Once the decision was made, however, the plan was immediately executed. We sent our military into neighboring tribal villages and a great number of the inhabitants were either lured through deception or forcibly captured and assigned to specialized labor battalions. In some cases, entire families were relocated to the site to support those laborers and family members served as cooks, messengers, launderers and other capacities. Children were impressed into the work force as well and were compelled to carry equipment, serve meals and clean work areas. As more workers were conscripted and a greater number of work crews established, primitive camps were constructed along the perimeter of the site to house and sustain a growing population. In a short span of time, the project became wholly dependent upon compulsory labor. Without the work of a captive labor force, the project would undoubtedly have fallen apart.

It was a truly disturbing development, no doubt the most despicable aspect of the entire venture. Platoons comprised of units of men, harnessed like pack animals, were forced to haul long pallets piled high with rock. I watched this and I was appalled, certainly when I first arrived: I was sickened by the sight of human beings yoked to each other like oxen and forced to tread forward while weighed down by tons of rubble. However, over the course of days, months and years I became accustomed to the sight and I am ashamed to say that I became indifferent to it. I became inured to the suffering of young men, old men, brothers, sons and fathers, trapped like random prisoners, chained together like horses, heads bent to the ground, leaning forward against the weight, sweat glistening along leathered backs, inching along with no choice but to inch further along and, upon arrival, return to load up once again.

Those who were particularly efficient or enthusiastic would rise in status and were granted authority to help manage the lowest of the low. Not surprisingly, those so rewarded developed intense enthusiasm for the mission. The degree of cruelty they displayed surpassed even that of the project managers. These new evangelists displayed unbound fervor that might have reflected an elevated sense of faith in the mission but, more likely, their brutality was borne of ambition and, perhaps, some vision of freedom.

In any event, these minor commanders executed their duties with religious resolve that bordered on fanaticism. They wielded long canes with which to thrash the backs of their former comrades in order to maintain the pace of the work. The whip came down unceasingly and in horrible rhythm: they struck like the hands of the clock of death and the men who bore the brunt of the punishment brandished long scars and open wounds across their backs. The steady drum of the impact of canes upon human skin could be heard across entire sections of the site. It was a common sight to see shirtless men whose torsos were streaked with the crimson grooves of their wounds and their skin oozed red and yellow with infection that never seemed to heal. Though I was horrified at first, I justified the barbarity in my own mind by the grand nature and purpose of the mission itself. If my enthusiasm for the mission eventually waned, so did my humanity: I simply grew accustomed to these crimes, committed every minute of each hour of the day. In fact, if a particular section needed to be cleared in order for me to set lines, I would call for more men to be brought in to remove rock and boulder so that I could complete my work and move on.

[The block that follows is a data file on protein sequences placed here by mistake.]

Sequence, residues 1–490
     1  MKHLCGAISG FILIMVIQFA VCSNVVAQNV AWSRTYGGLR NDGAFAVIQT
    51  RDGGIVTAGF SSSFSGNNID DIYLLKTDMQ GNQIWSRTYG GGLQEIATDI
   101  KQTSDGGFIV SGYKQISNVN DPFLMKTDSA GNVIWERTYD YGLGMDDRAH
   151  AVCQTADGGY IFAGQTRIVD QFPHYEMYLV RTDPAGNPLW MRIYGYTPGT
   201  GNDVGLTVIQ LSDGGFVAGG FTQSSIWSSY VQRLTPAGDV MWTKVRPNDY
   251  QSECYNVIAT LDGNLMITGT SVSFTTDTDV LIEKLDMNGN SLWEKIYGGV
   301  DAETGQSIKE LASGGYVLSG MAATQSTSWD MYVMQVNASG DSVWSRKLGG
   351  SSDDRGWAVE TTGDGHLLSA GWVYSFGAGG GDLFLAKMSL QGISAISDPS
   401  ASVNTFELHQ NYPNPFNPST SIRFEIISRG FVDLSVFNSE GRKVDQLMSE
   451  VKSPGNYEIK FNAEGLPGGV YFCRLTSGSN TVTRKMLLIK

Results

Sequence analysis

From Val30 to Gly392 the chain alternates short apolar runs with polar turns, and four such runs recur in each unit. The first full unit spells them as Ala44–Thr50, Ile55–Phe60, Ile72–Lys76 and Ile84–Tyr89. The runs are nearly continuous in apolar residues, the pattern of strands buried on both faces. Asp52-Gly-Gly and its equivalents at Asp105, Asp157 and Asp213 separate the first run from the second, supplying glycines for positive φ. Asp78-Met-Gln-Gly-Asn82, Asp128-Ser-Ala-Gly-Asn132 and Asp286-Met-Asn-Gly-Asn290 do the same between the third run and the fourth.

There is one incident, however, that I think about with greater frequency as time passes. Some years ago, a member of a work brigade assigned to pull one of the wagons decided one day, for no apparent reason, to refuse to continue. He was not particularly old or infirm; in fact, he seemed as fit as any other member of the labor reserve at that point in time. He simply stopped in his tracks and demanded to be unleashed. The wagon came to a halt; the work could not proceed. One of the project captains noticed the stalled cart and approached. Accompanied by his lieutenant, he walked directly toward the intransigent worker. The captain seemed calm as he drew near. In a casual tone, he ordered the man unchained and separated from his brethren and asked him to step away from the pallet. However, the captain purposely failed to loosen his leg shackles. He ordered him to race up an incline toward the crest of a small hill. The man repeatedly tripped and fell as he ran. It was a heartless, humiliating exercise but was only the beginning of his ordeal.